been announced that the CUP and the Turkish nationalists had reached
complete agreement.'3
Meanwhile, in May 1920, so it was reported, Enver had signed an
agreement with the Bolsheviks to the effect that Turkey would institute the
same economic system as Russia; and the Soviets and the Turkish
nationalists, who had recently established direct contact, had concluded a
secret treaty, providing for mutual support in the struggle against the
imperial powers. Lenin would, it was agreed, despatch a military force to
assist the Turkishnationalistsin Anatolia and supply arms and ammunition,
manufactured in factories set up by Krupp, the German steel firm, in
Petrograd.'"
The conclusions drawn by Bray from the evidence he had presented in
his second reportwere, from the British point of view, disturbing:
It would be a dangerous policy to rely on extraneous circumstances
relieving us of our dangers, unless we organize our resistance and coordinate these different factors of hostility to Bolshevism; we must
remember that our opponent is working on a highly organized and
single minded system; we have to oppose an organized resistance. If
it is considered that the Bolshevist regime will be destroyed or that by
obtaining peace it will confine itself to its own affairs it by no means
follows that our difficulties will disappear.The extremist section of
Easternthoughthave been roused and organized.Hundredsof capable
men have been schooled in the principles of Bolshevism, whilst the
more moderateelements have been instructedin ideals, the fulfilment
of which must tend to weaken WesternControl. The ball has been set
rolling. It is inconceivable that such an extensive organizationwith its
myriads of propagandists should suddenly or even in a long period
become innocuous. We have thereforetwo separateforces to contend
against (1) The possibility of the success of the Bolshevik world

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revolution, (2) The possibility of EASTERN NATIONAL MOVEMENTS,


strengthened by Bolshevik organization combining in an antiEuropeancause.'5
In a separate section of his second report, entitled 'Appreciation of the
Situation', Bray noted that, according to the intelligence reports received,
Djemal Passa, the exiled CUP leader and ruler of Syria in the First World
War,had been recently sent to Afghanistan, to strengthenthe revolutionary
party there; and that, in order to promote the spread of revolution
throughout the east, Talaat had been charged with the direction of the
revolutionary movement in Syria, Egypt and Arabia; Djavid, the former
CUP leader,with the directionof the movement in Greece, Italy and France;
and Enver with the direction of the movement in the Caucasus.'6
In the third study of the causes of unrest in Mesopotamia, entitled
'Cause of the Outbreak in Mesopotamia', which though published as a
General Staff paper by the War Office, in October 1920, bears the
unmistakable imprint of Bray's personality in its composition, the author,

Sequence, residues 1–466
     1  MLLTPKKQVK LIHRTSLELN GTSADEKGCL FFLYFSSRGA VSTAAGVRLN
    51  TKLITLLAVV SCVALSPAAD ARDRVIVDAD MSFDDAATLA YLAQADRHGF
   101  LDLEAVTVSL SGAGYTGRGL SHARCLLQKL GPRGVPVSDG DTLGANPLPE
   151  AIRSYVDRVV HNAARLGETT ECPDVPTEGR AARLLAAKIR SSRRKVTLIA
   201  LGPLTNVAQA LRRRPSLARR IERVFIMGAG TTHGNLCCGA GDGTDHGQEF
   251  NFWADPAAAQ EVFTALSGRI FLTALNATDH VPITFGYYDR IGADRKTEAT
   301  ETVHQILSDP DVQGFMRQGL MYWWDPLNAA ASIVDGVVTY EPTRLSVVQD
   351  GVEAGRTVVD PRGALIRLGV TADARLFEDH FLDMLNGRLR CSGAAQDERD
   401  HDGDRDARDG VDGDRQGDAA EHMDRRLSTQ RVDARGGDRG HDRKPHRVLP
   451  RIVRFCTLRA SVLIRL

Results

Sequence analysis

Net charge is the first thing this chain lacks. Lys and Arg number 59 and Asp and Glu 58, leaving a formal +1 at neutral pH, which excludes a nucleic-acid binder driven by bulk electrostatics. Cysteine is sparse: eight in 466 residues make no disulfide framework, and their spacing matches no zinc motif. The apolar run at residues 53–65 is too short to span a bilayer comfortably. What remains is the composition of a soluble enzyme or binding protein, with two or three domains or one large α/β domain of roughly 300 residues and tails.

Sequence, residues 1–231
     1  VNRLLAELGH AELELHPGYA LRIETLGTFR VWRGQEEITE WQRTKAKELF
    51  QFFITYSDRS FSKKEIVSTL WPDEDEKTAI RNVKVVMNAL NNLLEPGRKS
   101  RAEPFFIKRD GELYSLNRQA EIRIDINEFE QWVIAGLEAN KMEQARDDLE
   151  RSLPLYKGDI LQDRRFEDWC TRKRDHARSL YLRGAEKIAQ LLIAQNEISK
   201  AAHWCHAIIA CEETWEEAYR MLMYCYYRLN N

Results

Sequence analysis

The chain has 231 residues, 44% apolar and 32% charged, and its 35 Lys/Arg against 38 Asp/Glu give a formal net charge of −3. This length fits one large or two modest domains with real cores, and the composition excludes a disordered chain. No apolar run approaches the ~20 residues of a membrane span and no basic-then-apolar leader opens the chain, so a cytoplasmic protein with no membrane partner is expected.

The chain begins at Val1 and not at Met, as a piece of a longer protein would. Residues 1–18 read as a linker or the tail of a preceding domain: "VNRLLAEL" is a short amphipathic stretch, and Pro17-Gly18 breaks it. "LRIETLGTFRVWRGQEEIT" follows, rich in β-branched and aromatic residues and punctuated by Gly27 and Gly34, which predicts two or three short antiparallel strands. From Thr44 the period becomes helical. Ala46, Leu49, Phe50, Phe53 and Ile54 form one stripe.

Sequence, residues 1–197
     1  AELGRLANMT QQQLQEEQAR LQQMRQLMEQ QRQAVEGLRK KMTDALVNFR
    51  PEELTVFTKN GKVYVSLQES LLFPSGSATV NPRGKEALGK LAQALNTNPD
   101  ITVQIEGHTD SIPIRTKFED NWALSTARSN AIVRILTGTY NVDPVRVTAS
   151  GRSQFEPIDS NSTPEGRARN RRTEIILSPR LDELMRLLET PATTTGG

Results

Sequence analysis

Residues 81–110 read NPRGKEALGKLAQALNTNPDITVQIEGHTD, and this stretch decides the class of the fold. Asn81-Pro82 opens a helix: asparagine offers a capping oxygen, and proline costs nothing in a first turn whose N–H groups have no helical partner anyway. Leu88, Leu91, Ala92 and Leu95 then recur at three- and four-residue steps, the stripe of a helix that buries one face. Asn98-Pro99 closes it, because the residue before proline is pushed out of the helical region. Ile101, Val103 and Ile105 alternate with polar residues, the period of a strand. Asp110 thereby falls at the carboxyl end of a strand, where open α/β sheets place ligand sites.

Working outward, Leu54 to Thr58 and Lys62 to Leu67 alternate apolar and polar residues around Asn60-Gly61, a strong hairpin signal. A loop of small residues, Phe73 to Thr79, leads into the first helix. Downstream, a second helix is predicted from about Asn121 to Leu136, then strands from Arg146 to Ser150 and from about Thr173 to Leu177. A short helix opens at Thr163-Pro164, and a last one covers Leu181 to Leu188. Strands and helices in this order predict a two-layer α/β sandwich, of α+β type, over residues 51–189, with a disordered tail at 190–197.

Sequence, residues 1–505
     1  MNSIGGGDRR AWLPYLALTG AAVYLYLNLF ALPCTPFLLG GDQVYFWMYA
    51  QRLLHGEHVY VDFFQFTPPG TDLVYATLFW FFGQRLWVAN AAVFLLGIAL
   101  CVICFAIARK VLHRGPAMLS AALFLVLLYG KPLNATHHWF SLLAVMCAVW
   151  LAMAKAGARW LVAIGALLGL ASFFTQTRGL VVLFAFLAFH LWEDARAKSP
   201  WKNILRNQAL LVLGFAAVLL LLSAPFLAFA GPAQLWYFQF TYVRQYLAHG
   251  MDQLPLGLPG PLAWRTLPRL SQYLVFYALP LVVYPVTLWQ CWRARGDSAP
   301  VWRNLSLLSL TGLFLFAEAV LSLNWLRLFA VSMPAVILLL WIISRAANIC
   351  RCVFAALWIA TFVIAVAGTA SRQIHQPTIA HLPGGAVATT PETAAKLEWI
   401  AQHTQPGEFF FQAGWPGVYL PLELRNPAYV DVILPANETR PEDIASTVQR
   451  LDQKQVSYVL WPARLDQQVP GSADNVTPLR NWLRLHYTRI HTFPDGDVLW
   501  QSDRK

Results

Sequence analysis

after summarizingthe contents of the two previous papers, completed his
analysis of the situation. The outbreakin Mesopotamia, he concluded, was
inspired initially by the failure of the Kurds and Arabs to secure the
independencethey had supposedly been promised by the EntentePowers in
the course of the First World War.As a result, in south eastern Kurdistan,
Syria and Mesopotamia they had been persuaded to take direct action. In
south eastern Kurdistanthe KurdishNational Committee had called on the
tribes to 'cast off the British yoke and declare independence under Turkish
sovereignty'.'7In Syria EmirFaisal had allowed himself to be declaredking;
and in Mesopotamiathe tribes, encouragedby Syriannationalists,had risen.
But the true origins of the uprising lay elsewhere, in plans hatched in
Europe for a wide-ranging assault on the British Empire in Asia, involving
an alliance of Turkish nationalists, Syrian nationalists, Arab Nationalists
and Arab sheikhs. In November 1919 Talaat and a number of Arab and
Turkishleaders had attendedthe Montreuxmeeting; and in December they
had attended the St Moritz meeting. In May 1920 Enver, who it was
reported had travelled to Moscow, 'possibly via Switzerland', attended a
meeting of the Third Internationalin the Russian capital, at which Lenin
personally expounded his design for a wide-ranging assault on British
imperialism in the east, striking hardestat India;and about the same time a
secret treaty was concluded between the Soviet government and a number
of Islamic countries. Meanwhile, in April Talaat had travelled to Italy to
meet Emmanuel Carasso. In May he had travelled to Switzerland to meet
Djavid; and on 25 May he had attendeda pan-Islamistmeeting at St Moritz,
also attendedby Djemal, at which a representativeof the Soviet government

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had promised to guaranteethe independenceof Azerbaijanand send 20,000


men to help the Turkish nationalists in Anatolia. Finally, in May-June,
reports were received of an Islamic conference held in Munich, at which
plans, supposedly drawn up by Mustafa Kemal and the Bolsheviks, for
'large scale military operations' in the east, were discussed; and in July
reportswere received of a 'Muslim Conference', to be held in Erzerum.8
Following the May 1920 meeting of the Third International,Enver, it
was reported, had departed for Baku where, according to a Moscow
wireless report,he had representedthe 'Union of RevolutionaryPeoples of
Morocco, Tunis, Tripoli, Turkeyand Arabia' at the Congress of the Peoples
of the East, held there in September.Meanwhile Djemal, it was reported,
accompaniedby a mixed Turko-Bolshevikmission, had arrivedat Herat,on
his way to Kabul.'9
'Thus, to recapitulate,'Bray or the anonymous authorof the WarOffice
reportconcludes, 'the month of May this year (1920) (markedby the close
of the San Remo Conference, abortive industrial agitations in France,
pronounced aggravation of the Irish situation, and the meeting of the
representativesof the 'Third International'at the Moscow Foreign Office)
found co-ordinatedplans on foot for:
(a) Kurdishand Arab resistance to the Frenchand British in Syria and